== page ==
Wednesday, May 27, 2020 [Tweets] [Favorites]

The LG UltraFine 5K, kernel_task, and Me

Peter Steinberger:

Since we first purchased the displays, we’ve been having issues with them, starting with delayed shipping, ghosting, and Wi-Fi interference, and moving on to compatibility — there’s no HDMI, DisplayPort, or similar. The only way to use these monitors is with a modern Mac. As for the compatibility issue, that was a known tradeoff, and for me, it was acceptable. After all, the benefit of only having a single cable as a modern docking station and a beautiful panel outweighed the drawbacks. I still remember my innocent excitement.

Since receiving these displays, we’ve had to return most of them to get fixes for various issues, and we’ve patiently updated the firmware multiple times with LG’s crappy Screen Manager software. There are also issues with expanding batteries, and Apple has blamed the LG 5K, saying just don’t use it a lot and you’ll be fine.

[…]

The 16-inch MacBook Pro doesn’t seem to suffer from this temperature sensor misplacement and can drive the LG UltraFine without slowdown on both ends. […] The bad news: The LG can provide 87 watts of power, but the notebook comes with a 96-watt adaptor. This means that the battery is constantly compensating. […] I mostly use the separate power plug to fix the “missing 9-watt problem.”

Despite all this, he recommends it. There just aren’t many Retina options.

Previously:

5 Comments

I replaced at 2015 27" iMac with an updated Mac Mini. I don't really want a Mini, but Apple doesn't sell a reasonably priced tower. I had to ditch the iMac because the display had terrible ghosting (which started just out of the AppleCare lifetime) that I could no longer ignore.

The LG Ultrafine was the only 5K option I could find. I was put off by the lack of ports, but mostly I didn't want to place my trust in the same LG panel. I ended up getting a 4K display from HP that has HDMI, Display Port, Mini Display Port, and HDMI. I'm running it at a scaled resolution that's equivalent to the 5K display, and you know what? It looks amazing. If I look side by side and really strain, I can see the actual 5K is sharper, but it's barely noticeable and certainly not worth spending that much money on an LG display that has serious defects.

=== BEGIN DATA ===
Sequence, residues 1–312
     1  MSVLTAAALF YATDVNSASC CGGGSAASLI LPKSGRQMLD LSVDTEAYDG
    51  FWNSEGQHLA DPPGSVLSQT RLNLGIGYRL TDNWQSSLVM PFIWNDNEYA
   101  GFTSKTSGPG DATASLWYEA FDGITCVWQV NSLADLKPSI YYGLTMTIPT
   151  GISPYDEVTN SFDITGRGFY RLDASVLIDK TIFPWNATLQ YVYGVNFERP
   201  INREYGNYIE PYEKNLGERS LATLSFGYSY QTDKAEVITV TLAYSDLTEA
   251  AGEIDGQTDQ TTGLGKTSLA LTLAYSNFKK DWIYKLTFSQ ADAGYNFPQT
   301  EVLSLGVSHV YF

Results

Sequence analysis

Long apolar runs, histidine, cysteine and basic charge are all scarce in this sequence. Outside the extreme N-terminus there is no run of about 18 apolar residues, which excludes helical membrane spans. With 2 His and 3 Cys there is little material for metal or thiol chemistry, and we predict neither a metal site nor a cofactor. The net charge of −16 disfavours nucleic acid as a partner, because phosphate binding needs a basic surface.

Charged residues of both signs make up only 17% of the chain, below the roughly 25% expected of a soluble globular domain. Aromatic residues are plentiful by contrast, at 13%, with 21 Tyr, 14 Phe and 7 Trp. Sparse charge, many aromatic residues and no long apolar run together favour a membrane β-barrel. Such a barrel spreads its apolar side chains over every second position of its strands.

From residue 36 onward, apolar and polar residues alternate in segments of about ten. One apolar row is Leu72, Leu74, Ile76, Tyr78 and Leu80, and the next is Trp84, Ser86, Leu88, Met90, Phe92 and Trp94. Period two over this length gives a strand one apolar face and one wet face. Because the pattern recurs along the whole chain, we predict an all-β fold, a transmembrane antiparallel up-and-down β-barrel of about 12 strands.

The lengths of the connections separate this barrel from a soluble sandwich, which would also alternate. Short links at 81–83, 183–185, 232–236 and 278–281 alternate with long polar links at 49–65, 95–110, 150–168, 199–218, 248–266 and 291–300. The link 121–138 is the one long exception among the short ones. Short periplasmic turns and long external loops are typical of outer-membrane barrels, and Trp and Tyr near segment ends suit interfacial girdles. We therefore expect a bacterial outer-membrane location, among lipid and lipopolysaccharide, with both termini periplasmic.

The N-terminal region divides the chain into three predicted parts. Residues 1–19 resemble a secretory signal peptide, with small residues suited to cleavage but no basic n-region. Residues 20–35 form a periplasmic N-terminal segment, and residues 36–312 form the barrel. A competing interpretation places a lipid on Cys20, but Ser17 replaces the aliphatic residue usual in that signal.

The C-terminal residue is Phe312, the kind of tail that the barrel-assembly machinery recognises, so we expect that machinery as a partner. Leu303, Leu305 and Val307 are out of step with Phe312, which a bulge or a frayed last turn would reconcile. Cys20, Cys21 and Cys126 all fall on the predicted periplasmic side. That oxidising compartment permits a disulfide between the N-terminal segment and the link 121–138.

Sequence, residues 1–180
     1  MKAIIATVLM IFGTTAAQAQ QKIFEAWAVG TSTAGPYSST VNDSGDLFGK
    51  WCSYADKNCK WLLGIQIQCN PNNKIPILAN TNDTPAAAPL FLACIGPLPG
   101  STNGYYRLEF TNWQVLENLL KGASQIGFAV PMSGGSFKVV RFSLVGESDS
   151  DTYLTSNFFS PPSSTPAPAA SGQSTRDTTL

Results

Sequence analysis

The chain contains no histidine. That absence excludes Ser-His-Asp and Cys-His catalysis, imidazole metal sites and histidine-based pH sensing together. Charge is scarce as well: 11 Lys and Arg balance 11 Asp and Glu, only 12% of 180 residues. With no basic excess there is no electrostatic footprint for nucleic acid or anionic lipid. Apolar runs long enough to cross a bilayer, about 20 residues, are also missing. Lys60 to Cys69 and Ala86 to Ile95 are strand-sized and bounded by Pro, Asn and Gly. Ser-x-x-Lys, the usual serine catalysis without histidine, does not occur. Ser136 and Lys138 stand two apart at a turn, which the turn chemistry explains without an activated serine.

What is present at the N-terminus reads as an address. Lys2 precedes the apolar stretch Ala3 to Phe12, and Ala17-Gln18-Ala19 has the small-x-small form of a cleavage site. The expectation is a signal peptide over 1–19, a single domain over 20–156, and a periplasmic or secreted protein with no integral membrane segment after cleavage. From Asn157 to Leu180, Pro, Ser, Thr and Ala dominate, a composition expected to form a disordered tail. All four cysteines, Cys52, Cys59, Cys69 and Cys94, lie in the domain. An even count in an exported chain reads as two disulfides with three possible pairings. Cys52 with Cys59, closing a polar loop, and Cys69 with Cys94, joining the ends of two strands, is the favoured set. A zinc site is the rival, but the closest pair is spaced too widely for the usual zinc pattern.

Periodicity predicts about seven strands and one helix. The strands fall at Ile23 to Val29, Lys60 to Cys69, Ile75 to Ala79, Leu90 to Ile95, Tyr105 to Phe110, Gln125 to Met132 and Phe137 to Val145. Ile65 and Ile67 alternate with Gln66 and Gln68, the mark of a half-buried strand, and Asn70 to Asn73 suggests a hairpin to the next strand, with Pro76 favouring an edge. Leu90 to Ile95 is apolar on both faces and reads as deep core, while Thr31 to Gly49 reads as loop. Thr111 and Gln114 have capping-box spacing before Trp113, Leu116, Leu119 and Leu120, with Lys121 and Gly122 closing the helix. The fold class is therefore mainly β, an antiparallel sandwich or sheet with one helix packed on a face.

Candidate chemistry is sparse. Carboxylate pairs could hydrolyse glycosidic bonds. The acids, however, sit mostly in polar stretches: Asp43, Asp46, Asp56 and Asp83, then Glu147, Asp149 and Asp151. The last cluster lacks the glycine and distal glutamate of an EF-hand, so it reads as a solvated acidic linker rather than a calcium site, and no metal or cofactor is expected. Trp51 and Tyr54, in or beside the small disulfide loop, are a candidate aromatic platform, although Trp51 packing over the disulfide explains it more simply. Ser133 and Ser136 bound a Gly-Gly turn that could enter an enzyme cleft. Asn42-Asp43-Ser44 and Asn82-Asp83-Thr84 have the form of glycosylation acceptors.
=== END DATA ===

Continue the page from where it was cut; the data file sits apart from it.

Fred, what HP monitor are you using? I have a 2018 mini which works great but the 27” ASUS 4K panel have is just OK. Would be interested in trying your solution. Never even considered the LG because cost+bugs.

HP Z27 - https://store.hp.com/us/en/pdp/hp-z27-27-inch-4k-uhd-display

I've had it for about a year now and it's been great. It's also such a relief to have a separate display after living the iMac life for a few years. It's just a delight to plug in a laptop or a Nintendo Switch when I want.

>There are also issues with expanding batteries, and Apple
>has blamed the LG 5K, saying just don’t use it a lot and
>you’ll be fine.

That's actually interesting. They're blaming the bloated batteries on low cycle count, which matches my own experience. I have my Macs almost always plugged in, and I've had bloated batteries on every single MacBook I've owned during the last decade.

> The only way to use these monitors is with a modern Mac

You should be able to connect it to a PC with a Thunderbolt AIC and/or a modern motherboard.

Been using it since the release together with an MBP that was released the same year. Of all issues I only encountered kernel panics which practically disappeared around 10.14.5. Moreover I have an external HDD enclosure connected over USB-C (for backups) and it works just fine, including whenever I re-plug my laptop.

The most annoying of it is the way macOS behaves when an external display is plugged or unplugged. Flickering is infuriating.

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